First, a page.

ANALYSIS: Pakistan’s new government unlikely to improve ties with Kabul

In this photo released by the National Assembly, the leader of Pakistan Tahreek-e-Insaf party Imran Khan, speaks at the National Assembly in Islamabad, Pakistan, on Friday, Aug. 17, 2018. (AP)
Updated 19 August 2018
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ANALYSIS: Pakistan’s new government unlikely to improve ties with Kabul

  • Analysts says Ghani’s politically and ethnically divided government has neither the ability nor the options to reduce the new wave of tension and mistrust between the two countries
  • Pakistan may resort to putting further pressure on Kabul until a new Afghan government is in place, say experts

KABUL: When Imran Khan won Pakistan’s elections last month, Afghan President Ashraf Ghani was one of the first leaders to congratulate him. Ghani issued an official invitation to Khan to visit Kabul in an effort to start a new chapter in the historically uneasy relations between the two neighbors.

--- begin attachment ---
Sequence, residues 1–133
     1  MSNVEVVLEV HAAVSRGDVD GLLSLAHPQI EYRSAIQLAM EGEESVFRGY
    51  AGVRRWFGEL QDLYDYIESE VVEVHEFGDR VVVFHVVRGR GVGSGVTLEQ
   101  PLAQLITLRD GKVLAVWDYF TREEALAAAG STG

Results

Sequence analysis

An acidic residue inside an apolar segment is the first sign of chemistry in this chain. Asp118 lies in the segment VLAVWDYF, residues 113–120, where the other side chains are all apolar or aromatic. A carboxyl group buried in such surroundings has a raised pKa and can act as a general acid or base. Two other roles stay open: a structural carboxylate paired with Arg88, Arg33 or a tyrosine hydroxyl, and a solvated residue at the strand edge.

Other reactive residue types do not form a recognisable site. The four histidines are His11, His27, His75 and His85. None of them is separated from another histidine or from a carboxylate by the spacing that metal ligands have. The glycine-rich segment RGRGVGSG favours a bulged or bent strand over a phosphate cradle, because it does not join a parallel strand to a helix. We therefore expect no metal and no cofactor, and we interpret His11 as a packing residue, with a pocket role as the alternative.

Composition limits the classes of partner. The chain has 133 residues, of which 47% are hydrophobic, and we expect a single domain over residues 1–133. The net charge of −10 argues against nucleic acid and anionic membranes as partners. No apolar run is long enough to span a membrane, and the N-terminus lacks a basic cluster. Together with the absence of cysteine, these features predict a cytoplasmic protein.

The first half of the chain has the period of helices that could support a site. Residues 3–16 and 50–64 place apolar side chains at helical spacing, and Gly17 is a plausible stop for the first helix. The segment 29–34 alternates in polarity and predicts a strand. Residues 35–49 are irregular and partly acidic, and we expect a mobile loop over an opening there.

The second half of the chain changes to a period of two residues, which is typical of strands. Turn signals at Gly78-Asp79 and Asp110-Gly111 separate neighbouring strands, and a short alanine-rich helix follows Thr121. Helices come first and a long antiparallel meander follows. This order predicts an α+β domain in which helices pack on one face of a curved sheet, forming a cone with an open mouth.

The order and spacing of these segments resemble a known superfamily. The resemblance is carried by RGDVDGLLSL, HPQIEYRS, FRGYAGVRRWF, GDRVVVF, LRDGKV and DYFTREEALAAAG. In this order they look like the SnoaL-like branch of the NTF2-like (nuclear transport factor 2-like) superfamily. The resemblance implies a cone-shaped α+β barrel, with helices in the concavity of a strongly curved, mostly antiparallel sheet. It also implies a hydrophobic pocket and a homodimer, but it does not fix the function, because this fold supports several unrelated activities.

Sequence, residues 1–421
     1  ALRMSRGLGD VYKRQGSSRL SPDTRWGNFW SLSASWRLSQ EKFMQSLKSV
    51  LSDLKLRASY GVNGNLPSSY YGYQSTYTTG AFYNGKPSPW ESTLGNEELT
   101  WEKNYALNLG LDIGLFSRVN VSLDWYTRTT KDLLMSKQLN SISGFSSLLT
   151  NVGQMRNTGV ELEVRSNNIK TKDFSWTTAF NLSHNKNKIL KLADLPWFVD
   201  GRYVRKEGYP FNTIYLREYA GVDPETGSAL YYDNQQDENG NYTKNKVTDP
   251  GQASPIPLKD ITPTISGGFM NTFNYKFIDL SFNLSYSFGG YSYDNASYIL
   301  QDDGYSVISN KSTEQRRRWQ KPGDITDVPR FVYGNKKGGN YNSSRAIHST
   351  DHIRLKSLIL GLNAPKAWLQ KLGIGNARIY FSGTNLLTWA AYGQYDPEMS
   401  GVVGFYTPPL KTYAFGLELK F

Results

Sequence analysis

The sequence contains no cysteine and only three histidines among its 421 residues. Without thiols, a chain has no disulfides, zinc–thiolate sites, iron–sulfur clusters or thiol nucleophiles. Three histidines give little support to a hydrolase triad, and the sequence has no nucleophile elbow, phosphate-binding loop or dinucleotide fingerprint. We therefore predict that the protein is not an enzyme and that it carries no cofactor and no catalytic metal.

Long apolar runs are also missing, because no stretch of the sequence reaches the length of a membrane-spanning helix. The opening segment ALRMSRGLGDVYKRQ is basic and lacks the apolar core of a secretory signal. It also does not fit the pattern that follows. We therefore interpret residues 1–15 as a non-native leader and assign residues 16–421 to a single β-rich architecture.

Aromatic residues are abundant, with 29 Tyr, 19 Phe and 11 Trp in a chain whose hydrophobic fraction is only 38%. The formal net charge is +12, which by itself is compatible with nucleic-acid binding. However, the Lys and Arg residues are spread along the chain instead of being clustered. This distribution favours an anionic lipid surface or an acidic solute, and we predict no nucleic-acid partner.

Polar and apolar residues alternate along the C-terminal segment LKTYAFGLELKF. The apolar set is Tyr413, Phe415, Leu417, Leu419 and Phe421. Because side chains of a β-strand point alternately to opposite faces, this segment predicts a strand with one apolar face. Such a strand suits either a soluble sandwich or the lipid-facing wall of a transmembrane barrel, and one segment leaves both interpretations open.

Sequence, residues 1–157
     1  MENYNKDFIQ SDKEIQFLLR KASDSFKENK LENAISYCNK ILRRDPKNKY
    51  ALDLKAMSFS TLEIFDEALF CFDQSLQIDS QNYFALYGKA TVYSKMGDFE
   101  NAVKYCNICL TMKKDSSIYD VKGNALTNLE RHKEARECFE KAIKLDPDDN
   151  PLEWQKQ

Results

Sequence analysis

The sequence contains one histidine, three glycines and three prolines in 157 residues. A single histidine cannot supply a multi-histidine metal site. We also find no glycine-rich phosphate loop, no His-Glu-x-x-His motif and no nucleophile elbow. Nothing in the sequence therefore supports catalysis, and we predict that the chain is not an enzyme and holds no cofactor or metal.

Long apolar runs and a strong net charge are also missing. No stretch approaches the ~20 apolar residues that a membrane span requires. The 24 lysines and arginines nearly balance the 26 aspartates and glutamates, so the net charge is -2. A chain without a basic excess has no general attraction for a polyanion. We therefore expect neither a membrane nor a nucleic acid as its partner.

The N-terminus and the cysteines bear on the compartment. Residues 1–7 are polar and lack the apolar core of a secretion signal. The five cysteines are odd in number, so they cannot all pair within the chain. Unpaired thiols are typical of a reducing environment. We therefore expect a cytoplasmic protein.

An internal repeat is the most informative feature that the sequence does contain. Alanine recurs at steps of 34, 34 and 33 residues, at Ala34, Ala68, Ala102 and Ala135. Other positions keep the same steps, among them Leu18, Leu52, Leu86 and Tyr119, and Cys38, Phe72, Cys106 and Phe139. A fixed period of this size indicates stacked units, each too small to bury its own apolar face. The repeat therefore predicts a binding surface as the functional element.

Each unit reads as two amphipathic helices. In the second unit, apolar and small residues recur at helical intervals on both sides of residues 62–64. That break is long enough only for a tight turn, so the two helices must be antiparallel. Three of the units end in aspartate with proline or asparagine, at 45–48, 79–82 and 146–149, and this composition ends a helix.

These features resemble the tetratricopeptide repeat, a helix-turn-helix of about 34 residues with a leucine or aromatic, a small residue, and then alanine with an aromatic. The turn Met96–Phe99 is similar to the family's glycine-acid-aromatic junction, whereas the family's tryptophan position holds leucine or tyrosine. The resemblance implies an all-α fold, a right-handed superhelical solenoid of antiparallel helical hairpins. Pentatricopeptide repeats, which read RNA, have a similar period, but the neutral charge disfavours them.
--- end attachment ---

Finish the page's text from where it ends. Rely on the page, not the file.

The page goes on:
The sense of optimism in Kabul followed Khan’s pledge in his victory speech that he wanted a EU-style soft border with Afghanistan despite the fact that he had struck a pro-Taliban stance in the past.
Less than a month on, that sense of optimism seems to have faded following events on the battlefield, particularly a major assault by the Taliban on the city of Ghazni last week.
Local officials allege that Pakistan assisted the Taliban in Ghazni, and Ghani subsequently stated that Taliban soldiers wounded in the attack had been taken to Pakistan for treatment.  All of which reduces the odds of any improvement in relations in the near future.